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    McDonald’s US president says California’s fast-food council which plans to raise minimum wage to $22 at its restaurants will hurt everyone

    In a letter published on Wednesday, Joe Erlinger, the president of McDonald's US, said California's bill to form a 10-person fast food council is "lopsided, hypocritical and ill-considered," and "hurts everyone."

    McDonald's
    Credit: Mcdonald’s

    “As President of McDonald’s USA, it may come as a surprise to hear. But I support raising minimum wages for workers,” Erlinger article reads. “In fact, I welcome legislation that increases wages for all workers.”

    Erlinger said the legislation, which also makes trainining mandatory to keep workplaces “safe, inclusive and respectful,” can be “highly effective”. If it is did in a good way. But, according to him, the bill by California state legislators, “will do the exact opposite.”

    New Bill Passed By Senate

    California’s state senate just passed AB 257, the FAST Recovery Act, to form a 10-person council. It consists of fast-food workers, restaurant representatives, and government officials. It will have power to establish minimum wage and standards on conditions for worker health and safety.

    The council will have exclusive power over restaurant chains that have over 100 locations nationally. Like McDonald’s does, and can increase the fast food industry’s minimum wage to $22 an hour. Currently, California’s wage floor is $15.00, and will increase to $15.50 in 2023.

    Erlinger’s criticises the California’s fast food council by saying that it “targets some workplaces and not others.”

    “It imposes higher costs on one type of restaurant, while sparing another,” he told. “That’s true even if those two restaurants have the same revenues and the same number of employees.”

    He also explains that a small business owner can be affected by the bill if they run two restaurants that are part of a national chain. But a business owner who owns 20 restaurants would not be affected if none of their restaurants belong to a national chain.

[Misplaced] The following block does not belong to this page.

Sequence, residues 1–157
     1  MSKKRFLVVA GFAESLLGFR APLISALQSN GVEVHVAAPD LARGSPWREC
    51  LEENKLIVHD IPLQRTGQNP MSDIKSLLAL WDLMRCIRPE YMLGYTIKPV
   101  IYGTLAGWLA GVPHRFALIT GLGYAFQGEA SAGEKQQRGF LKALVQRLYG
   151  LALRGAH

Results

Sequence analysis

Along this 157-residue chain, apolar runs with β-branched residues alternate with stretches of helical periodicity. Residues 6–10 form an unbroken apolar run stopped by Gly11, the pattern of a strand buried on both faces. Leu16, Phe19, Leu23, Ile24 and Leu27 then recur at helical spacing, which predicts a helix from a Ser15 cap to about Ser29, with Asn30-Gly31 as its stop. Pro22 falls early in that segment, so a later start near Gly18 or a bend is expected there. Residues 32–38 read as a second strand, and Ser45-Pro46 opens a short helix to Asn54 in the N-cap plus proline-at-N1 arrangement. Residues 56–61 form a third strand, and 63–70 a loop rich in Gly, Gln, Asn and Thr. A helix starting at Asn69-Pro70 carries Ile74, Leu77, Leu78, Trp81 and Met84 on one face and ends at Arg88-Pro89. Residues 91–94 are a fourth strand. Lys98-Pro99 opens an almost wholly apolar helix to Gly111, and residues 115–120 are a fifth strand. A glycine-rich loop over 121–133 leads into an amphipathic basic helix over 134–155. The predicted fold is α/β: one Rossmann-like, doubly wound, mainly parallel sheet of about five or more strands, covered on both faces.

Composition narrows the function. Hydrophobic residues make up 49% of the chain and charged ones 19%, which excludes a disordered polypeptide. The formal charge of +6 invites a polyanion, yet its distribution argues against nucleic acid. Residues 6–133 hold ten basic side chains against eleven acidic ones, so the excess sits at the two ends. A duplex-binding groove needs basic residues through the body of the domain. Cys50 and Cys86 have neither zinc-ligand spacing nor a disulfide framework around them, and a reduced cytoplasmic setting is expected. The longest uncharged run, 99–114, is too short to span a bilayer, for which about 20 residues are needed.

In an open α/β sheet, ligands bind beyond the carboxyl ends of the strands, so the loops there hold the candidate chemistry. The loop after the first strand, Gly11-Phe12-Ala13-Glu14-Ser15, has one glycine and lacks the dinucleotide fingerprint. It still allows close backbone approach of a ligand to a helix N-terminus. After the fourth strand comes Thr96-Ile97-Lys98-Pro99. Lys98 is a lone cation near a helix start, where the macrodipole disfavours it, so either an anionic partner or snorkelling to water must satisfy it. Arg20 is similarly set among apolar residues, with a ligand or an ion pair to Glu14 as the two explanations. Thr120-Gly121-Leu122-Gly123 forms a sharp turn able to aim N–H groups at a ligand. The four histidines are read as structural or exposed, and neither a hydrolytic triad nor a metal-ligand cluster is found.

Erlinger said it’s “unexplainable” why chains with less than 100 restaurants, and some restaurants that bake bread, are excluded from this. His conclusion remarks on the bill is that it’s “the outcome of backroom politicking.”

    McDonald's
    Credit: Mcdonald’s

    “This is a clear example of picking “winners” and “losers.” It is not the appropriate role of government,” Erlinger article reads.

    Erlinger wrote in the letter that increasing wages to $22 is not bad. Highlighting that McDonald’s can operate well in places around the world with higher minimum wages.

    “But if it’s essential to increase restaurant workers’ wages and protect their welfare – and it is – shouldn’t all restaurant workers benefit,” his article reads.

    Economists and California’s Department of Finance agree that the legislation is “problematic,” Erlinger said, because it could raise the price of food at fast food restaurants in California by 20%, while food and other costs are already high from inflation.

    Erlinger warns on the bill, says even if it is not pass by the California Governor Gavin Newsom. It would definetely inspire similar bills all around the country.

    “Rather than asking for what many have decried as the “California Food Tax,” the people who are in a thriving restaurant industry—workers, owners and customers— should ask lawmakers to only think on legislation that benefits all,” Erlinger article reads.

    McDonald’s isn’t the only chain speaking out against the California bill. Other chains like Chipotle and Chick-fil-A, which will also be at risk by this bill, have grouped lawmakers in California to vote against the bill.

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